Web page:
The communication of repurposed ingredients is important so as to avoid any perceptions that products are made with ingredients that are impure, spoiled or “garbage-picked.” One way to reassure consumers is to tie to tradition, which is a tactic taken by manufacturers of animal-based products. For example, 4505 Meats in the US notes that its Chicharrones Fried Pork Rinds are fried in rendered pork fat for sustainable production. Similarly, General Mills subsidiary Epic Provisions complements its line of meat and poultry snacks with pork rinds and cooking oils that are said to use more of the whole animal.

Fruit and vegetable products also are making use of ingredients that might otherwise go to waste. Dried fruit snack brand Barnana is one noteworthy example because the product educates consumers on the safety of using blemished or “ugly” fruit as an ingredient. The back of Barnana’s packaging explains that the brand uses “sustainably grown organic bananas upcycled at the source.” The snack is made from bananas that are rejected because of imperfect-looking peels, but still have edible fruit inside. US brand Mavuno Harvest sells dried fruit snacks that the company notes helps its network of small African farmers sell 100% of their harvest.

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Amanda Topper, Associate Director of Foodservice Research, US

As the issue of food waste expands, consumers and restaurant operators are starting to pay more attention. As Mintel’s 2017 US Foodservice Trend ‘Reduce, Reuse, Upcycle’ notes, restaurants are finding new ways to repurpose existing foods that would previously be discarded and are streamlining their menus, offering simplified choices that cut down on food waste and consumer decision fatigue. While using up ingredients to reduce food waste is not a new practice in the kitchen, the way restaurants and chefs are making this practice known to diners is new.

Operators are tackling the food waste issue with various methods. Some chefs are incorporating whole vegetables, similar to the ‘nose-to-tail’ approach used in animal food preparation, while others are streamlining menu items to focus on core offerings. San Diego’s Herb & Wood features a roasted baby carrots dish with pesto made from carrot tops, ensuring no part of the vegetable goes to waste, while both Applebee’s and Olive Garden have reduced the number of menu items they offer. Other restaurants, like True Food Kitchen, are growing their own herbs or vegetables on site, allowing them total control of what is grown and used.

The ‘ugly produce’ movement making waves in the US may influence diners to embrace dishes made with imperfect produce in restaurants. More than half of US consumers already are open to buying these items at retail according to Mintel’s US report on vegetables. Operators can upcycle these ingredients into juices, purees and sauces, but should be mindful about how, if at all, these ingredients are communicated on the menu. While award winning chefs like Dan Barber can get away with developing a menu made entirely with upcycled ingredients, diners may not be receptive to the idea of eating food scraps at any given restaurant.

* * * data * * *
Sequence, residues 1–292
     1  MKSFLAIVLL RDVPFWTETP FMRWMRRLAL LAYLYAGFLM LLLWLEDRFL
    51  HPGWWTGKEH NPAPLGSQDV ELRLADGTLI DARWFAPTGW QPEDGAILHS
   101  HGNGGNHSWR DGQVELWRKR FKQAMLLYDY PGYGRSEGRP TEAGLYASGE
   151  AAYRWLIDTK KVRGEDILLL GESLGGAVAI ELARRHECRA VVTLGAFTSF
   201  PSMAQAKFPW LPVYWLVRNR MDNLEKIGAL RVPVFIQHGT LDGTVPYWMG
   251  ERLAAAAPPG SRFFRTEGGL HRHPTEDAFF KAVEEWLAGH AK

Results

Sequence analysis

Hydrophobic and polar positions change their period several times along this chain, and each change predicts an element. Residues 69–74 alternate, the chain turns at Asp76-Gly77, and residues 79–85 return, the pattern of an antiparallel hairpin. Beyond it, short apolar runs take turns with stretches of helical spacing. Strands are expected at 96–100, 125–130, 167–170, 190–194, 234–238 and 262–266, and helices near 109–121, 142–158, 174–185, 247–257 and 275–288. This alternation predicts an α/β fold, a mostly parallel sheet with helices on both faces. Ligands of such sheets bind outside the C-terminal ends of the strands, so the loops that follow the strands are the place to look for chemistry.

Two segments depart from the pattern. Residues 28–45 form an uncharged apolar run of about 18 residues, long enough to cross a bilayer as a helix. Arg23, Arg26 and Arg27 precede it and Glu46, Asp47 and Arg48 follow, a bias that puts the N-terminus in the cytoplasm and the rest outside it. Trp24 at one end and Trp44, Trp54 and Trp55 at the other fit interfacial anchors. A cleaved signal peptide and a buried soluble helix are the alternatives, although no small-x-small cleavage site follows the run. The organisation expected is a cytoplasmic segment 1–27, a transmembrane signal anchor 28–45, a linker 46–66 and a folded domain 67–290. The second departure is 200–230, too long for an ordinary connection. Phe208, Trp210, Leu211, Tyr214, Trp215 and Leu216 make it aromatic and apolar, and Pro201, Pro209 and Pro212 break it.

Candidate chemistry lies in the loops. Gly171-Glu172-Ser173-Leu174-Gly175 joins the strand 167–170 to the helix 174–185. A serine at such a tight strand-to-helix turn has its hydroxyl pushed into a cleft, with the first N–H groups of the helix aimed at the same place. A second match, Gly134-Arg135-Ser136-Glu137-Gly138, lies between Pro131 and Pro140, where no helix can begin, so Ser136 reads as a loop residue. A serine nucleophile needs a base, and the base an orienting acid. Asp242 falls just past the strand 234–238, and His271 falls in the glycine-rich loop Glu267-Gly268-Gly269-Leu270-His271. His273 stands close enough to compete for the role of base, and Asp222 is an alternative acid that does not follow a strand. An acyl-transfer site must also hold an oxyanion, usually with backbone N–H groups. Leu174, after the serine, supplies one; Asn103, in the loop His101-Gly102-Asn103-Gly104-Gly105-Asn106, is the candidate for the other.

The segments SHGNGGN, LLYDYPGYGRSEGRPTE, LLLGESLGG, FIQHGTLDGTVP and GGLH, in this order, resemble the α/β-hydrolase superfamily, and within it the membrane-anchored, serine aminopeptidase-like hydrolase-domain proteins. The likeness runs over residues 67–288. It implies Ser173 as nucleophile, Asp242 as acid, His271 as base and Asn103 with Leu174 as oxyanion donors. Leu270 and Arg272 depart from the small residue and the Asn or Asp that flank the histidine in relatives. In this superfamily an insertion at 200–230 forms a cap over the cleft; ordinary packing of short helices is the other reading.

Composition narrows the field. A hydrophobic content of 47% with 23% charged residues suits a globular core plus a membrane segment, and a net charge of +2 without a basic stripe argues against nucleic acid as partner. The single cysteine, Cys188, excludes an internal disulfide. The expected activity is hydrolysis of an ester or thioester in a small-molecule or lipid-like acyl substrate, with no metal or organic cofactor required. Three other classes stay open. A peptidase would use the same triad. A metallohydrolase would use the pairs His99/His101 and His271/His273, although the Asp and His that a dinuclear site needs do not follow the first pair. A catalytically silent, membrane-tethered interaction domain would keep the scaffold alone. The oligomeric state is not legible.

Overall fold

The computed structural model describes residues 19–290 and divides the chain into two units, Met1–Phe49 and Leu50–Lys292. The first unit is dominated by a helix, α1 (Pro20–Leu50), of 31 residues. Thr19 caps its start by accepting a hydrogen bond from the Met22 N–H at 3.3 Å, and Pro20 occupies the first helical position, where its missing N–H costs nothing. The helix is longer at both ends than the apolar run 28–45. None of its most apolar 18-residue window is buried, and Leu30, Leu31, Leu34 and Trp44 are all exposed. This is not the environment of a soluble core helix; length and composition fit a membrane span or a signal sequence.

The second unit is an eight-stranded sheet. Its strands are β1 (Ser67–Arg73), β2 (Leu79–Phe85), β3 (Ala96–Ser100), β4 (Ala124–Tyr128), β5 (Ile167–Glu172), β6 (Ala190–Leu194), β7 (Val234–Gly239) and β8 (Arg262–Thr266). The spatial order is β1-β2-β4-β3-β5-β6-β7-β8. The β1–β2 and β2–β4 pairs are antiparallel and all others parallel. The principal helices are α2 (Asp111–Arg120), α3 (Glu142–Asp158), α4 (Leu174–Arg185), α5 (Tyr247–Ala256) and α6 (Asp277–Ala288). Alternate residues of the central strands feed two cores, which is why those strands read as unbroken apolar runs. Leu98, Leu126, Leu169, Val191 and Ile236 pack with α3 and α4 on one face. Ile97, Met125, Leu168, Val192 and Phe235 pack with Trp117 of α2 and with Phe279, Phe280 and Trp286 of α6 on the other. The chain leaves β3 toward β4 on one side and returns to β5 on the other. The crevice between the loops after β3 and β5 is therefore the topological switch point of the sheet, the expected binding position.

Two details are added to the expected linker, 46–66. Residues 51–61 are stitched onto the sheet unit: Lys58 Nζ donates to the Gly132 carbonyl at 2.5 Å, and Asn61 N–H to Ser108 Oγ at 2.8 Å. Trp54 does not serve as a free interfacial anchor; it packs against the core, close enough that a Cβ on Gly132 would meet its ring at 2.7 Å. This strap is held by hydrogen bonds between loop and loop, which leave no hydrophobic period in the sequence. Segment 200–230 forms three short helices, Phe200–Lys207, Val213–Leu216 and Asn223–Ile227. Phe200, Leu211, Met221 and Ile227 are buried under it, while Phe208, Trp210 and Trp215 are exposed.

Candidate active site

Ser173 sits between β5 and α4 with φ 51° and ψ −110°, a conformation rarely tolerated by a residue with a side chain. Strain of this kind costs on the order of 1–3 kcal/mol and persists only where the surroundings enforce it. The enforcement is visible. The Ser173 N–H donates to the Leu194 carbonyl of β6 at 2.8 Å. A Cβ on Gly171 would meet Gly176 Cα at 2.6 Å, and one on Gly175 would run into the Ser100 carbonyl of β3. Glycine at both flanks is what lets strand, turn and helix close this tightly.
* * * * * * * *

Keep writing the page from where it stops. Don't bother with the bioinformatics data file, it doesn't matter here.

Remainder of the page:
Carli Gernot is the Manager of Trends North America at Mintel. She’s been contributing to the success of Mintel Trends since 2010, spotting trends and shifts in consumer behavior all over the world. Carli is responsible for creating content for global trends, North American and EMEA regions, as well as ensuring that North American consumer trend content is relevant and insightful.

Graciana Méndez is Mintel’s Trends Analyst for the Latin America region. She has worked as a trendspotter and content writer for over 10 years, in companies like The Futures Company and JWT Intelligence. Having lived in Argentina, Mexico and Brazil, Graciana has a multicultural approach to consumer insights, as well as consumer and social trends.

Jenny Zegler is the dedicated trends analyst on Mintel’s Food & Drink platform, blending Mintel Trends expertise with food and drink specific topics, such as health and wellness, formulation, sustainability and premiumization. In addition to contributing analysis to Mintel Food & Drink, Jenny has been part of the team that creates Mintel’s annual cross-category trends since 2014.

Amanda Topper is the Associate Director of Foodservice Research, responsible for overseeing all of Mintel’s foodservice offerings, as well as providing insight and competitive analysis across scheduled deliverables, and client and industry presentations. She was previously a Senior Analyst specializing in the retail food industry.